DUBAI, United Arab Emirates — State oil giant Saudi Aramco on Tuesday reported a 19% drop in its first-quarter earnings, recording net income of $31.9 billion down from $39.5 billion the previous year amid falling oil prices.
Analysts expected to see a dip in net profit in its most recent quarter compared with the previous year, as inflation and rising interest rates pressure global demand and stoke fears of a recession. Still, Aramco’s net income beat expectations of $30.5 billion, which was forecast by analysts polled by Reuters.
The company’s net profit was up 3.75% from the fourth quarter, according to Reuters. It said that the weaker earnings result was offset by lower taxes and higher finance and other income. Aramco’s shares rose 3.2% in early trading in Riyadh on Tuesday.
Aramco’s first-quarter dividend, which was increased in the fourth quarter to $19.5 billion, will be paid in the second quarter, the company said. It reported its quarterly cash flow from operating activities at $39.6 billion and free cash flow at $30.9 billion, both of which were slightly up on the previous year.
Aramco, which is the world’s largest oil exporter, also revealed Tuesday that it will begin paying a performance-linked dividend on top of that $19.5 billion, and will target between 50% and 70% of its free cash flow figure. That dividend will be paid quarterly and at the sole discretion of Aramco’s board, depending on how the company performs, it said.
An offshore drilling platform stands in shallow waters at the Manifa offshore oilfield, operated by Saudi Aramco, in Manifa, Saudi Arabia, on Wednesday, Oct. 3, 2018.
Simon Dawson | Bloomberg | Getty Images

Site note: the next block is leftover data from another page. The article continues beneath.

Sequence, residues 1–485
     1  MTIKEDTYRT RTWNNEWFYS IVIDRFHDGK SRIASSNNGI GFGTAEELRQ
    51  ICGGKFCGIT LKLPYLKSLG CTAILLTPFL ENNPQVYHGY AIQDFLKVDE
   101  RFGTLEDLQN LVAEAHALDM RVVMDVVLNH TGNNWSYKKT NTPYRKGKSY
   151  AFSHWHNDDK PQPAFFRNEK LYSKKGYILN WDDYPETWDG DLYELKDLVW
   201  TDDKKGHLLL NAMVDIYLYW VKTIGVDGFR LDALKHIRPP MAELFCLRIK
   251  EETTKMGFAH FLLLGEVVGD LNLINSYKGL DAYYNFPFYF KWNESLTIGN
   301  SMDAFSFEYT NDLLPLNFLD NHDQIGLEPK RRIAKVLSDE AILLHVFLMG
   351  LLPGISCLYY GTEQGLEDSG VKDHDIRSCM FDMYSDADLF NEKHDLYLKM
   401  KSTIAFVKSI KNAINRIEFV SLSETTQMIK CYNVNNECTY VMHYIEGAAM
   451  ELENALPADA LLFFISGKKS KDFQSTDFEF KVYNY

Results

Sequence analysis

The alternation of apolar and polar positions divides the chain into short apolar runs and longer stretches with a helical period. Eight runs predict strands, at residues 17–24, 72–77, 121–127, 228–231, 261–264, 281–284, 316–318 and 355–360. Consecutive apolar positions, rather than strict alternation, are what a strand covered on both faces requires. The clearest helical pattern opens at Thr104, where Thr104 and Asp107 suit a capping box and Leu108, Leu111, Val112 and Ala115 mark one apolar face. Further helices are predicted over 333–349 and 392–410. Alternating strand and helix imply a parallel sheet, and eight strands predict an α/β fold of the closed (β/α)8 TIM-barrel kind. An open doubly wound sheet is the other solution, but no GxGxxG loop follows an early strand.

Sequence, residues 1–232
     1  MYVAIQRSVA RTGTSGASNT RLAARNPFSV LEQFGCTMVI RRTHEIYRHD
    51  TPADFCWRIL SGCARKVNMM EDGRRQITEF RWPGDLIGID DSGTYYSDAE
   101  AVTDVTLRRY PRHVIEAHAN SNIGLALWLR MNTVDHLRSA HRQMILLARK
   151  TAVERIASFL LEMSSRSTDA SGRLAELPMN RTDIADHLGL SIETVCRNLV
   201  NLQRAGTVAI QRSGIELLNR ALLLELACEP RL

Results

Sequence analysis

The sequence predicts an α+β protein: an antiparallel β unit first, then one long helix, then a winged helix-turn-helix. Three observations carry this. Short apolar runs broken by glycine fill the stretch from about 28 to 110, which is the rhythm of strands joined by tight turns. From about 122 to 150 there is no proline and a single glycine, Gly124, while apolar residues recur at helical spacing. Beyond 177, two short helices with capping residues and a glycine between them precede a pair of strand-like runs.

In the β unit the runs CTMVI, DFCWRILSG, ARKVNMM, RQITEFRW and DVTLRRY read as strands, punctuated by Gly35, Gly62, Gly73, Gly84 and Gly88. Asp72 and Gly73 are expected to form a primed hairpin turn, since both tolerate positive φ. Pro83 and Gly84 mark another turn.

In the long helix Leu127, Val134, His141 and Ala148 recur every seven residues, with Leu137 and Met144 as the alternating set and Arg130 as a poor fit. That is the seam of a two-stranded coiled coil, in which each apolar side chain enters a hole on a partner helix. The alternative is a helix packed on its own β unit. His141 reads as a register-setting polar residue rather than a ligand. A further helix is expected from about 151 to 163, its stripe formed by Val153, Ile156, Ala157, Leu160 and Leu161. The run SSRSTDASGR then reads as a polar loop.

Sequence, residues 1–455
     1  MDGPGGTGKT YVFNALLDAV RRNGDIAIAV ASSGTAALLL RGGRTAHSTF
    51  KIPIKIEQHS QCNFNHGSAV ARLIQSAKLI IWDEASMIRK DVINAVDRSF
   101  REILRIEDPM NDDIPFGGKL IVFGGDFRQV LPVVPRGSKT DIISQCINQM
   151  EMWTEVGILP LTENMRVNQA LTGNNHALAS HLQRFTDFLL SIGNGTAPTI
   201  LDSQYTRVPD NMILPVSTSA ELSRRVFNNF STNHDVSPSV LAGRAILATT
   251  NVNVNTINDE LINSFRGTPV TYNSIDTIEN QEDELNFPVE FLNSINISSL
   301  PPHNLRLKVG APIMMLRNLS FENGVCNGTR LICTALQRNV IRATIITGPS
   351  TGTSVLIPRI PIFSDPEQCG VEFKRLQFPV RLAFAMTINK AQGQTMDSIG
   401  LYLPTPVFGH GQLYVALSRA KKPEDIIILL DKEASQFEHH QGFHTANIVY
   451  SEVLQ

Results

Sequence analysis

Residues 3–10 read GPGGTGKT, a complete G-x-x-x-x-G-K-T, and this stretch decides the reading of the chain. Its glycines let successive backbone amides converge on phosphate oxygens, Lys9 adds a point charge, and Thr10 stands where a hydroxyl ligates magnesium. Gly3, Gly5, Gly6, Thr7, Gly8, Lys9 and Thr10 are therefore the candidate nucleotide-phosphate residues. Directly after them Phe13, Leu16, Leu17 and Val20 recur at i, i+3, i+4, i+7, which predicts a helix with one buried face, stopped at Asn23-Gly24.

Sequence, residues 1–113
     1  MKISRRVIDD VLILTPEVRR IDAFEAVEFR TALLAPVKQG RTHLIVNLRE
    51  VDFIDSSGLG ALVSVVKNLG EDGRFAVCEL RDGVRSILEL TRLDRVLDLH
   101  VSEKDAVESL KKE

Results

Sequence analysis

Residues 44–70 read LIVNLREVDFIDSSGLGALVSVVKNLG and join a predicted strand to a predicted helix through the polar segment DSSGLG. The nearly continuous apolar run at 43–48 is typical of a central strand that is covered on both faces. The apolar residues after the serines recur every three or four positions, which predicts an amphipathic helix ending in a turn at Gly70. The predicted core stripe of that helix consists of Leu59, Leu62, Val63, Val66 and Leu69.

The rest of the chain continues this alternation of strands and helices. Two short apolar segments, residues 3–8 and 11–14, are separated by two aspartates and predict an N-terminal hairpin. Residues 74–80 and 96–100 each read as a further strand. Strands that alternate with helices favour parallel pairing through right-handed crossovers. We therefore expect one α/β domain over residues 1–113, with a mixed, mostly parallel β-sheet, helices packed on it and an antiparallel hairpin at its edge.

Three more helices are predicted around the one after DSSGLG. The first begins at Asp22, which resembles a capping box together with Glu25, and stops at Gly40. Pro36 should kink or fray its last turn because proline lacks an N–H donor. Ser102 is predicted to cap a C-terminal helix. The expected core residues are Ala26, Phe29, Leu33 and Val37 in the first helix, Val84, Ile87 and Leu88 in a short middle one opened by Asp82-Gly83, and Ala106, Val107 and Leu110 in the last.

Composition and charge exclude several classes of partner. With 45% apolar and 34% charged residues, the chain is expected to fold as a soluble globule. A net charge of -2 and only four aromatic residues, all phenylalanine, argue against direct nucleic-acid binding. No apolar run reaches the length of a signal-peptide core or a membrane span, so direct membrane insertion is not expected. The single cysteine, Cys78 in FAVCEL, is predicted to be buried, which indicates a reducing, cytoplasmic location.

Aramco CEO Amin Nasser emphasized the value of its downstream strategy, which has seen it invest heavily in petrochemical and other operations.
“We are leveraging cutting-edge technologies to increase liquids-to-chemicals capacity and meet anticipated demand for petrochemical products,” Nasser said in the earnings release.
Nasser stressed the continued importance of hydrocarbons for the world’s energy needs, adding that “we believe oil and gas will remain critical components of the global energy mix for the foreseeable future.”
He said the company is “moving forward” with its capacity expansion, and that its “long-term outlook remains unchanged.”
Aramco posted a record net income of $161.1 billion for 2022 in March, up by 46.5% over the year.
Saudi Arabia’s Basic Industries Corp., which is one of the world’s largest petrochemical companies and is 70% owned by Aramco, this month reported that its first-quarter net profit plunge 90% and warned that margins would remain under pressure amid new capacities, rising interest rates and uncertainty over global growth.
Oil and gas prices surged at the start of 2022, with Western sanctions on Russia following its full-scale invasion of Ukraine steadily tightening access to crude supplies. But this year, so far, is telling a different story for prices.
The price of international oil benchmark Brent crude is down 9% year to date and has fallen more than 17% year on year. That decline stems from a combination of economic concerns.
Earlier this month, the U.S. Federal Reserve hiked interest rates by a quarter of a percentage point, raising investors’ concerns that slower economic growth could dent energy demand.
“Pressure from anti-inflationary action undertaken by both the U.S. Fed and the ECB [European Central Bank], have resulted in lackluster demand growth for most of the OECD [Organization for Economic Cooperation and Development], with recession risks lying ahead,” Citi’s global head of commodities research, Ed Morse, wrote in a note this week.
— CNBC’s Lee Ying Shan contributed to this report.